Butlins seems to attract people with all kinds of disabilities which is a truly great achievement. It welcomes everyone and the staff were brilliant. There were people with all kinds of disabilities or special requirements. There were plenty of adults with learning difficulties as well and the redcoats in particular really helped them be involved. The redcoats didn’t shy away from anyone. One particular instance comes to mind where a man who had downs syndrome was dancing to the music. At the time he was the only adult there apart from the redcoats and the children dancing stayed clear. The redcoats danced with the man, joining in with his dance moves and helped the children understand that they shouldn’t be confused by him or scared of him. He just wanted to have fun and dance. Seeing him beam when they joined in with his dancing was a wonderful and heartwarming experience.

The resort is almost completely wheelchair accessible. There are a couple of places where there is some room for improvement, but overall this is one of the most inclusive places I’ve visited. We enjoyed it so much, that Jake and I extended our stay for an extra weekend. It is a truly wonderful place for everyone and I can’t wait to book my next visit.

*Redcoats are Butlin’s resident entertainers

** https://painprincess.com/2018/06/01/the-princess-and-the-pea/

***Gandey’s Circus – Greatest Showman Tour

Pill shaming

Millions of people around the world have to take some form of daily medication. Almost everyone in their life has, at some point taken doctor prescribed medications. From antibiotics to morphine drips or even a simple over the counter paracetamol, and that’s okay.

There’s hardly a week that goes by that I don’t face some sort of negative reaction to taking prescription drugs. It might be from someone who has said a change in diet will cure me for life. Or someone asking do I really need to take a full dose of co-codimol, or if I could manage with half. People tell me I shouldn’t be taking this, or shouldn’t take that. They tell me to stop accepting new prescriptions from the doctor. They tell me what I take is ‘enough, no more’ or its too much. You’re entitled to your opinion, I respect that, but it’s not really your business.

All the medications I take are legal and recommended to me by doctors or are herbal remedies such as Turmeric capsules. The decision to begin any medications have been carefully thought out and researched. So why do people with no knowledge of my condition, no medical qualifications and have never heard of the medications I take, think it’s okay to tell me to stop taking them?

Some people with chronic conditions can cope without medication and I think that’s wonderful for them. I’ve tried with and without and I am better with medication, and that’s okay too.

My health is my business, the only other person that should have a say is my doctor. Even then, in questions about my health I am the priority. I have a right to refuse treatments or say when something isn’t working, and the only person I need to explain myself to is my doctor.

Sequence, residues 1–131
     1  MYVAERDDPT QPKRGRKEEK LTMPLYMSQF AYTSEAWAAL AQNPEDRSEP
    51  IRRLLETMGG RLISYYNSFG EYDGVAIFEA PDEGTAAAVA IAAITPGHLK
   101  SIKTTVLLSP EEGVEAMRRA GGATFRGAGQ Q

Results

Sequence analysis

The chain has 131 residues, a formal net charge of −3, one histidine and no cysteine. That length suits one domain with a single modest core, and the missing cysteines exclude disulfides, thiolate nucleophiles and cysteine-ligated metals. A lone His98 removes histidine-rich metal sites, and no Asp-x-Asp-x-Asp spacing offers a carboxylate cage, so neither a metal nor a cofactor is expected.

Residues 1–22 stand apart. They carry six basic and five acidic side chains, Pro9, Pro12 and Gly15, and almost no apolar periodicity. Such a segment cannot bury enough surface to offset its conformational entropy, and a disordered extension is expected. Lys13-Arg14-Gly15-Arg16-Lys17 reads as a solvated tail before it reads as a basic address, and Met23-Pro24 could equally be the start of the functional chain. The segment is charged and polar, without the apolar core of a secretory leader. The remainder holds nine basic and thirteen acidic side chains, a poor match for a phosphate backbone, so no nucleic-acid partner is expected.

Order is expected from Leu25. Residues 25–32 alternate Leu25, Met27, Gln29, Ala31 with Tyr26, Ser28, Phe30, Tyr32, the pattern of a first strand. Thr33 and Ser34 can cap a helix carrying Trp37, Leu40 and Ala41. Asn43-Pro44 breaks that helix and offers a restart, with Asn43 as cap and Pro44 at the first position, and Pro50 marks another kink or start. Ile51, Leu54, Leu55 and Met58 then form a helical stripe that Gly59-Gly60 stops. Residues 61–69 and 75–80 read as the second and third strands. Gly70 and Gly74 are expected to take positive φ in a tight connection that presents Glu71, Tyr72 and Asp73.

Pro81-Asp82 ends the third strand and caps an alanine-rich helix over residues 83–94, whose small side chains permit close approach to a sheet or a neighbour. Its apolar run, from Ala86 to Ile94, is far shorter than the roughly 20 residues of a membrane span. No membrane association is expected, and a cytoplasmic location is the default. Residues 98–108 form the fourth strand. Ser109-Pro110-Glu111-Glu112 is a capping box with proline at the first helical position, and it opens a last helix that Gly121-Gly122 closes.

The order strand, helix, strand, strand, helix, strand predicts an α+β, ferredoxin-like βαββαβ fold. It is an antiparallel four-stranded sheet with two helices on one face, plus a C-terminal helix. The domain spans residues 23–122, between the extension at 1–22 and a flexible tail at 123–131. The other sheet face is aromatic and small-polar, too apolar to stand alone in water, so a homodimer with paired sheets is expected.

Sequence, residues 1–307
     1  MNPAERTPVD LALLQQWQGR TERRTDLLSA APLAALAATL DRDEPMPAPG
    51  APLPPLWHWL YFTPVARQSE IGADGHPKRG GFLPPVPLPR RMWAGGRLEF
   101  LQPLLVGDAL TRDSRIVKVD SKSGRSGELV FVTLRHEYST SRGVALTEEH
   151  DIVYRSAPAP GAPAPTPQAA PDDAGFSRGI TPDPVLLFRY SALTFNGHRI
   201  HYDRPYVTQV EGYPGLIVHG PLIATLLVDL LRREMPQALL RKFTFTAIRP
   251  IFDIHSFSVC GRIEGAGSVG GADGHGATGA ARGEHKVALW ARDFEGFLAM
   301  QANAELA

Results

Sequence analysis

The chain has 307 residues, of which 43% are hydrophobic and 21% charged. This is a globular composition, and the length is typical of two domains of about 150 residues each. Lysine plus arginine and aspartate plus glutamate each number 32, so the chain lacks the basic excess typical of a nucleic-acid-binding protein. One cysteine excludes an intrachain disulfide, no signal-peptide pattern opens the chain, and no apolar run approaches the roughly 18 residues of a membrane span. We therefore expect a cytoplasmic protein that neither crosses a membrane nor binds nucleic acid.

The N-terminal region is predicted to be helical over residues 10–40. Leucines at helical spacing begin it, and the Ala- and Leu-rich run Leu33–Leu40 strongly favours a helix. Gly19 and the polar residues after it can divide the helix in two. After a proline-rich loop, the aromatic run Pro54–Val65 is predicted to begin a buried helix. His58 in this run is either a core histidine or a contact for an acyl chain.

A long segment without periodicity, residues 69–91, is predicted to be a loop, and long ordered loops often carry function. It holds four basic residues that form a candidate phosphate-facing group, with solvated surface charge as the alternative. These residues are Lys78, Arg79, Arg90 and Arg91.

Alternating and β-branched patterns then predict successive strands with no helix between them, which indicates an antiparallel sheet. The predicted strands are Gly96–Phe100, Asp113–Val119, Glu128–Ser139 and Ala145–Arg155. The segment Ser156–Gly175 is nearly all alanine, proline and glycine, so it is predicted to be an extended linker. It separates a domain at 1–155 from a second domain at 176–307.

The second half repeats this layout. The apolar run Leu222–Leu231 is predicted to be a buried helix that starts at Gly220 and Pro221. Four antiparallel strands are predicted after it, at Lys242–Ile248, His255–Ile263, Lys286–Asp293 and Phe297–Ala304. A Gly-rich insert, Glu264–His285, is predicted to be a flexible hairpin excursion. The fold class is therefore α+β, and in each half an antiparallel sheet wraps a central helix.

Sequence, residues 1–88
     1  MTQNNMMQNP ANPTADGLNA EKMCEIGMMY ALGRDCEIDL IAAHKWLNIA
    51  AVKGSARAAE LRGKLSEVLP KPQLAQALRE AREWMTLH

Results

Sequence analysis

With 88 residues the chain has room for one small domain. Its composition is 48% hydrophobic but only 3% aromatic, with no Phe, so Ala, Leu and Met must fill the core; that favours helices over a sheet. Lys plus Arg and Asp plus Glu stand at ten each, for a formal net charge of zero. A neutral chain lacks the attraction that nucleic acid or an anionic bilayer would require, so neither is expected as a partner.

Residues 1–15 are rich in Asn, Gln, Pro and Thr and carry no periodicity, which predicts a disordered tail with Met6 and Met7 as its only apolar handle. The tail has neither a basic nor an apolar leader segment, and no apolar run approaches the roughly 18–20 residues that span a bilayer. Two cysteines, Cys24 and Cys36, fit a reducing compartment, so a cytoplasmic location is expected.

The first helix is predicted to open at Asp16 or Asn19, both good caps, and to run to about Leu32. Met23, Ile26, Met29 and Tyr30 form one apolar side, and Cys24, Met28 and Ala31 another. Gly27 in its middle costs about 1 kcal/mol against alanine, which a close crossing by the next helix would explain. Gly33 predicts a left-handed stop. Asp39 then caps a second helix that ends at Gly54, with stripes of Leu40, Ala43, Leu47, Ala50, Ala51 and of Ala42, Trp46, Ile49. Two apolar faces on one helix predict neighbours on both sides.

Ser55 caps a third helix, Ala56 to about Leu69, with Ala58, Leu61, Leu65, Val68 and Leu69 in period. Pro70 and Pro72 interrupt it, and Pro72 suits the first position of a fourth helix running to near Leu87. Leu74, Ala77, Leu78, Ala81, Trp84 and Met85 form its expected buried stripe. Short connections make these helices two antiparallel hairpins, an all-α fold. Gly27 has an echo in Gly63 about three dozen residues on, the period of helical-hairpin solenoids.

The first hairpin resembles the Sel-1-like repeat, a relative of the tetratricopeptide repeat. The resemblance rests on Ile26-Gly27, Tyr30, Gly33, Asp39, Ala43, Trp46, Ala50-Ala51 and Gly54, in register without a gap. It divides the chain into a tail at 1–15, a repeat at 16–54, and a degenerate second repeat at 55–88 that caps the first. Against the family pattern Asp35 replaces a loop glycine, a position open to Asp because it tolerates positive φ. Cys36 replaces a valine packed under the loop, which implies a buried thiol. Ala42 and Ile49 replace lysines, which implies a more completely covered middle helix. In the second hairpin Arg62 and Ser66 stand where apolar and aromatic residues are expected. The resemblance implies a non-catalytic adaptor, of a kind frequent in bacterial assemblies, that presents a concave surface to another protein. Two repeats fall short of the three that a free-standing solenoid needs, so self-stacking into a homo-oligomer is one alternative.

We all have very different bodies. Our pain is unique to us. Each of us experience pain differently, even if we have the same condition. This means we all need a unique combination of treatments to combat our pain.


I’ve been trying to balance days out with rest days , one day out and one day in. However I made the stupid mistake of having a day out Monday, then out for food with my boyfriend and a little shopping yesterday. I thought a short bus journey and a very short look in a couple of shops would be offset by a long rest for dinner yesterday. When will I learn to listen to my body? I was exhausted when I got home and still had to wrap my mum’s birthday presents and make her a card!

This morning I felt like I had been velcroed to my bed. My body was so exhausted I could barely move. Once getting up I was like a wooden puppet with my strings cut. I wobbled away to get ready with my joints flopping and giving way. I wobbled and waddled and flopped around and would have given up on a normal day. But it is my mum’s birthday and we had plans to hit the town…and by that I mean go and see Incredibles 2 (for the third time).

I’ve struggled to keep my body upright for most of the day. Even after waking up fully I’m still a bit floppy. Lots of caffeine and sugar have been on the menu whereas I normally try to avoid it. I even ended up dozing during the film, regularly waking with Jackjack’s giggles and gurgles. As much as I love the film there was very little I could do to stop the sleep.

Currently sat in the virgin lounge enjoying more caffeine in the form of a nice cup of tea and ready to continue our day….fingers crossed I can muster the energy to get off this sofa! 🤦🤞

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Anxiety – what does it feel like?

Have you ever woken up to find your pet lying asleep on your chest? They’re heavy and uncomfortable. A dead weight reducing your breathing. To wake them and relieve yourself of the discomfort seems rude. So you let them be happy and you deal with the consequences. Anxiety is carrying that weight around all day everyday. Sometimes we wonder if the saying ‘a problem shared is a problem halved,’ rings true. Most of the time though we bottle it up. We hold on to the weight to protect others, to keep them unburdened. Even though the prospect of our problems being ‘halved’ sounds amazing we don’t want spoil the happiness of others.